Age and fatal work-related falls

J. Agnew, A. J. Suruda

Research output: Contribution to journalArticlepeer-review

Abstract

In the work environment, an increased risk of fatal injury from falls is seen at ages not normally considered to be old. This study examined fatality data from a National Institute for Occupational Safety and Health death certificate database and from Occupational Safety and Health Administration (OSHA) investigations to analyze the relationship of age to fatal work- related falls. For 1980 to 1986, death certificates reported 43 505 fatal work injuries in men, 4179 of which were from falls. Fatality rates from falls showed an increase for older workers beginning with the age group of 45-54, whereas fatal injury rates for other work-related causes did not increase until the age group of 55-64. OSHA investigations of 996 fatal work- related falls in 1984-1986 reported that falls from ladders accounted for 20% of fatal falls in workers aged 55 and over, significantly more than the average of 9% of all falls for workers of all ages. OSHA data also showed that fatal falls among older workers were associated with lower energy of impact, which means that the height of fatal falls tends to decrease with increasing age.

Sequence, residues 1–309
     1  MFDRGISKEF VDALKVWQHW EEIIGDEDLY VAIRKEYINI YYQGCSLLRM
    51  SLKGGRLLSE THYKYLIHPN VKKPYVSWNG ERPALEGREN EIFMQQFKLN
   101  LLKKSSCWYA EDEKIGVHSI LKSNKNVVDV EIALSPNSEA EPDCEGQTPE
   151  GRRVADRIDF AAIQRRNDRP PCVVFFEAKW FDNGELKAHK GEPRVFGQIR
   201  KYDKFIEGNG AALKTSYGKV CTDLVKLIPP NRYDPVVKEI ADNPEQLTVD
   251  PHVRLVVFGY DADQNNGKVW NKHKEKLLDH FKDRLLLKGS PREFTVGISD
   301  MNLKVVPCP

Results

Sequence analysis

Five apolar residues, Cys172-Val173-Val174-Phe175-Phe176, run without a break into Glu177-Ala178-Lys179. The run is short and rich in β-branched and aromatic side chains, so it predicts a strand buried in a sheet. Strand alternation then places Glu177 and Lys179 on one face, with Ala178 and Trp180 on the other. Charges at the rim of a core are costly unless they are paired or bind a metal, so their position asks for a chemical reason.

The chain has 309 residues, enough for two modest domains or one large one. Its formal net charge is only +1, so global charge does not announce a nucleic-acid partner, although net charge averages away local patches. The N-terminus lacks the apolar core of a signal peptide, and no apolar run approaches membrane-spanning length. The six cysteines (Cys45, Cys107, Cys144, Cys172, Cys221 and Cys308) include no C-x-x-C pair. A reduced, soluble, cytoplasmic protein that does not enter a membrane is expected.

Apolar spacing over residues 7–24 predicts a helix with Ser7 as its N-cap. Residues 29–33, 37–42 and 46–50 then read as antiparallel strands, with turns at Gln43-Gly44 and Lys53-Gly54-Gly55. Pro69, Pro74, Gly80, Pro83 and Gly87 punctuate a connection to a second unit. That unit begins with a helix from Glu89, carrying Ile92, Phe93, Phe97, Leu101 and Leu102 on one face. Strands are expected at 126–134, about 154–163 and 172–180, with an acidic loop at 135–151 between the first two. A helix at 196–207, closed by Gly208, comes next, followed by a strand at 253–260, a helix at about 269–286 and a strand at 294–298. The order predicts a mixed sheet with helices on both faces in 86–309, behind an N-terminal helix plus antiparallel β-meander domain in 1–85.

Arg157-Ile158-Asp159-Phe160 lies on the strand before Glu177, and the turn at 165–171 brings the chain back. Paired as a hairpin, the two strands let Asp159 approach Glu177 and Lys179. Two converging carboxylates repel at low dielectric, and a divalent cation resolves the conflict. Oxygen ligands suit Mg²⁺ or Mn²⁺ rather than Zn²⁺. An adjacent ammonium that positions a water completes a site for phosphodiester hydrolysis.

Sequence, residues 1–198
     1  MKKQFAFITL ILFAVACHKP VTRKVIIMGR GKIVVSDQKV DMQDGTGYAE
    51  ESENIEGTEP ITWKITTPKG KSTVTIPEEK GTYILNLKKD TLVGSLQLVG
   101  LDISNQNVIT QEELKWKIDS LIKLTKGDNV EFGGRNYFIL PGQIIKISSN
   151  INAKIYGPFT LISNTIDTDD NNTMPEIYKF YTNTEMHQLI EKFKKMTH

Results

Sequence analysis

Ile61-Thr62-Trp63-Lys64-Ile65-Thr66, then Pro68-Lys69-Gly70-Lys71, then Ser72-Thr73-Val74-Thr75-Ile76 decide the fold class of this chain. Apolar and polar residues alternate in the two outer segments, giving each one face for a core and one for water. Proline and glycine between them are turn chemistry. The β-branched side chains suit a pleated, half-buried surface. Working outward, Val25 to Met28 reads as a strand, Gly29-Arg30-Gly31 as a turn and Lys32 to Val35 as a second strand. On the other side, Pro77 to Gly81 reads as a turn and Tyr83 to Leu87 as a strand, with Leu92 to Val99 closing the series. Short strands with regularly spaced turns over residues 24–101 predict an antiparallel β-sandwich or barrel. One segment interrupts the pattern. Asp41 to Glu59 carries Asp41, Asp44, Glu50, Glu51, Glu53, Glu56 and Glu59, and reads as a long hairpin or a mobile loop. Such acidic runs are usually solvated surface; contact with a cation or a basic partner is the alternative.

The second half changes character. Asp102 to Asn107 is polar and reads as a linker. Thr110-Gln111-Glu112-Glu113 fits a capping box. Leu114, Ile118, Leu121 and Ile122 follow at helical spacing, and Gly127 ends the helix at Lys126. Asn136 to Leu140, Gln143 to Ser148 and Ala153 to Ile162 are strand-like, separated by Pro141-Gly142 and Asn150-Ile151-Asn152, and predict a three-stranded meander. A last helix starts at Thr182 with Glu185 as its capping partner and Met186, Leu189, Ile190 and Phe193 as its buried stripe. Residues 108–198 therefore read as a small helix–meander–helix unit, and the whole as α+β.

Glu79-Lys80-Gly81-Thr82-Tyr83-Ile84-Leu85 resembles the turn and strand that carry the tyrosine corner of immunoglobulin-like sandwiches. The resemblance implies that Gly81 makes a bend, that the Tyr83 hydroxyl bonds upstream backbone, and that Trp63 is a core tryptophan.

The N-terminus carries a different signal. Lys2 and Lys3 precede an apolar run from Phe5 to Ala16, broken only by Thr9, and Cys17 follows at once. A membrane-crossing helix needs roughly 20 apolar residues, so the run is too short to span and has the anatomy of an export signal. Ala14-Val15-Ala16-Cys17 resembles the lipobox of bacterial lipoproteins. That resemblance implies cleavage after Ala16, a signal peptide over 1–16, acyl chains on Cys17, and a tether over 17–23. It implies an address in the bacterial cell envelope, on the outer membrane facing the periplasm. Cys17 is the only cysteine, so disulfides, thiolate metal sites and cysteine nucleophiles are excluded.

Original languageEnglish (US)
Pages (from-to)731-736
Number of pages6
JournalHuman Factors
Volume35
Issue number4
DOIs
StatePublished - 1993

ASJC Scopus subject areas

  • Human Factors and Ergonomics
  • Applied Psychology
  • Behavioral Neuroscience

Fingerprint Dive into the research topics of 'Age and fatal work-related falls'. Together they form a unique fingerprint.

Cite this